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Cilgerran & the Teifi

Travelled to Cardigan the other day; lovely town.  There’s a ‘ropewalk’ on the southern edge, the start of a drovers’ trail (#1) to Cilgerran, the scene of a lively market and “one of the most important cattle fairs in Pembrokeshire”, according to Shirley Toulson.  It was held on August 10th, St Lawrence’s Day.  



(I’m becoming more & more convinced in my old age that 90% of long distance cattle-droving was done in autumn.  There would still be spring droves, but mostly of beasts bought by south-eastern graziers the previous autumn and fattened on roots, hay & grass during the intervening winter.)



The path goes through the Pentood Marsh (SN 183459), hard enough to negotiate even after Ceredigion has spent time & money on bridges & duckboards.  It’s hard to believe drovers would have taken cattle through the bog unless toll-avoidance was their number-one priority.



After Rhiwlas Cottage (SN 185446) the route becomes a pleasant forest walk and the village (ex-town) of Cilgerran is even pleasanter.  On the way into town, in one of the back alleys, we passed #2.  The chimney convinces me it was not once a barn but a drovers’ doss-house.  Note a blocked-up window just visible at the end; you can see it better in the Wikipedia article on Cilgerran – where you can also see #3, a famous picture of the market in the late 19C which has NO RELATIONSHIP AT ALL to the High Street now!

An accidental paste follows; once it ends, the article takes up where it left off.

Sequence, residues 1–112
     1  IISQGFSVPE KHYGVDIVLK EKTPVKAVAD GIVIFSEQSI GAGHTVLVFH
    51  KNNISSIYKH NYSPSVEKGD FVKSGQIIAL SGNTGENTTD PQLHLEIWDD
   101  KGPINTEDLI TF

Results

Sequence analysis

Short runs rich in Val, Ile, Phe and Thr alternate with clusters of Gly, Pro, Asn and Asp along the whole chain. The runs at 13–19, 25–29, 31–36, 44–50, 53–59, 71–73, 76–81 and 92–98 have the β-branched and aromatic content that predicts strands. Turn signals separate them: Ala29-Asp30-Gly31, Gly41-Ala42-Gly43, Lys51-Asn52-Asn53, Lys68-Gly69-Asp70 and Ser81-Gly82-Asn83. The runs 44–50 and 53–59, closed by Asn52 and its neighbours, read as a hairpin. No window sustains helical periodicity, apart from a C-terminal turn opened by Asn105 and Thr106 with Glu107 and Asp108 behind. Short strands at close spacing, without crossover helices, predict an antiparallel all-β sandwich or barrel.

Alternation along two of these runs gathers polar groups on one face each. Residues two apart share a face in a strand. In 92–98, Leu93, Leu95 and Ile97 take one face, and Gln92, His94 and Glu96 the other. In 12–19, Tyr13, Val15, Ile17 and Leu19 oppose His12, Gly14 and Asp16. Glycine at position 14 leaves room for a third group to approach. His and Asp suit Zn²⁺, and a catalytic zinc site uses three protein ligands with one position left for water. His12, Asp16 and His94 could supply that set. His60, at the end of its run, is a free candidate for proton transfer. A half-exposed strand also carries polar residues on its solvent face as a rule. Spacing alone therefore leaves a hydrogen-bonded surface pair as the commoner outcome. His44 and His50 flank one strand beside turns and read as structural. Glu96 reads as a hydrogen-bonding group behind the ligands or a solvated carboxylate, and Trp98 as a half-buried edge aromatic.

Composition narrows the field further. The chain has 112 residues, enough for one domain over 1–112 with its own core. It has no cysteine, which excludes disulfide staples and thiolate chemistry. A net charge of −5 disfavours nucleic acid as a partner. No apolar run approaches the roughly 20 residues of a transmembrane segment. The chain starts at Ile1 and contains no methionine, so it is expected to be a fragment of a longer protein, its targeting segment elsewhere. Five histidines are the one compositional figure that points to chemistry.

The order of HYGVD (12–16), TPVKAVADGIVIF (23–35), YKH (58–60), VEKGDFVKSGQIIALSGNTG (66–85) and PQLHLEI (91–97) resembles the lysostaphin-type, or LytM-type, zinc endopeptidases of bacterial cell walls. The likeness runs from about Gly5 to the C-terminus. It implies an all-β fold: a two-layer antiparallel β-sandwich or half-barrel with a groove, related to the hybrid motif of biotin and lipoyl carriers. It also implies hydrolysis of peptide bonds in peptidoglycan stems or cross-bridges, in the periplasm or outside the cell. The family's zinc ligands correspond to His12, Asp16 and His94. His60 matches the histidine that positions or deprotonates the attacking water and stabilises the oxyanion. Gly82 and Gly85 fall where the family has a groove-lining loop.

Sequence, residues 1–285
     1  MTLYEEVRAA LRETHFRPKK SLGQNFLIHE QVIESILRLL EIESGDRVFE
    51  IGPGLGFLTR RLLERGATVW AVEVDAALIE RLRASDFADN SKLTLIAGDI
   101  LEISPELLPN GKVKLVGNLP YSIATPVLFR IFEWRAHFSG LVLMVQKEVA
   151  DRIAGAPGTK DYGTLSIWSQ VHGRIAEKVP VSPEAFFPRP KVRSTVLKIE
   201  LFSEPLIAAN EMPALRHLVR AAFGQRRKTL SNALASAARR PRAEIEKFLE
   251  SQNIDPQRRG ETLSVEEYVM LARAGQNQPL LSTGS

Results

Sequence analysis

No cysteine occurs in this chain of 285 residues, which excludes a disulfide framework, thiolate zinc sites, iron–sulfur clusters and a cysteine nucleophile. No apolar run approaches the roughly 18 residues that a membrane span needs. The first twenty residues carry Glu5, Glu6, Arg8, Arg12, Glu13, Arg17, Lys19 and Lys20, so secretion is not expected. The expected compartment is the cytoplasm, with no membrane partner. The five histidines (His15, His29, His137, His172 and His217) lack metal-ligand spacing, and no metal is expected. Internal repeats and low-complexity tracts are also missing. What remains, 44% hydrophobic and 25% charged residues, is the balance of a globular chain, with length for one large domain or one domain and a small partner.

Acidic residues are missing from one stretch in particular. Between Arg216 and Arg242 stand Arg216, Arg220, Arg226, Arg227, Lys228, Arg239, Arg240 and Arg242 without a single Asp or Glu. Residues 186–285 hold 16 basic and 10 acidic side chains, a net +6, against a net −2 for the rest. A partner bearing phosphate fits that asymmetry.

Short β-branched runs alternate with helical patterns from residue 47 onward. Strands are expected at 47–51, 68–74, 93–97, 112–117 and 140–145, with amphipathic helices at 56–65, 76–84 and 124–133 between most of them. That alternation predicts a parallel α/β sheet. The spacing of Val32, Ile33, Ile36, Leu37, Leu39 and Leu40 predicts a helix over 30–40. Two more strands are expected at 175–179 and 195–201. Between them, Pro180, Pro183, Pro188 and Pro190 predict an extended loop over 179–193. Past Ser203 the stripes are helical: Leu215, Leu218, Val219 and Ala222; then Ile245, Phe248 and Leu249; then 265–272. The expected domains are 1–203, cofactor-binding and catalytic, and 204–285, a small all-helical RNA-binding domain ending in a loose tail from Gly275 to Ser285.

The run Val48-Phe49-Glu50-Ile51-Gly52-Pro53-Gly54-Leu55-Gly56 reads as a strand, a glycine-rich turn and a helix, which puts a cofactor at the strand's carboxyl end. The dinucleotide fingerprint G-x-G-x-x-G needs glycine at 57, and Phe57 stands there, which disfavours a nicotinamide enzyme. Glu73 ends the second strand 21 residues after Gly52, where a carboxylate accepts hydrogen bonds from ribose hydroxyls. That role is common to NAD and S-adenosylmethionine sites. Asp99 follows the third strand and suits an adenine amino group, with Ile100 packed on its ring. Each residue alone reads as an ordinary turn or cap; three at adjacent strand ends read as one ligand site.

Besides a selection of old pubs, a fine church, a nice ruined castle and a busy high street, Cilgerran has the Village Stores.  This is run by the friendly & industrious Liz, whose home-made selection of hot snacks & cakes are a treat.  And her flapjacks are the best in the world.  That’s official.



And that’s where the good news stops.



We walked expectantly down to the Teifi for a walk back to Llechryd.  Chris was telling me how full of fish the river is; that President Carter used to call it the best stretch in the world for salmon and trout; that there are otters in the banks... 



...well, not since Dec. 20th 2016.  Slurry poured into the river has killed the fish and all you can hear & see is continuous brown frothy muck flowing down into Cardigan Bay.  It will take six years for the micro-organisms to grow back, many more for wildlife to return.  It’s a tragedy.  I found myself writing a poem:



In Memoriam Afon Teifi

The salmon and trout won’t be leaping

Down on the Teifi today;

There’s a line of froth steadily sweeping

Down-river to Cardigan Bay.


The raven’s still doom-prophesying

From an oak on the path to Llechryd;

But the kingfisher isn’t replying –

He’s had to go elsewhere to feed.


The banks now are lifeless and muddied,

While the noxious froth snakes in between;

Where living things hovered and scudded

Not one flash of life’s to be seen.


Otters left when the water was dirtied

And the Teifi’s death-warrant was signed;

And each otter’s holt that’s deserted

Points a finger of blame at mankind.

Cilgerran & the Teifi image 1
Outside Cardigan
Cilgerran & the Teifi image 2
Drovers' Doss-house?
Cilgerran & the Teifi image 3
Cilgerran Fair c.1890
Cilgerran & the Teifi image 4
One Farmer Did This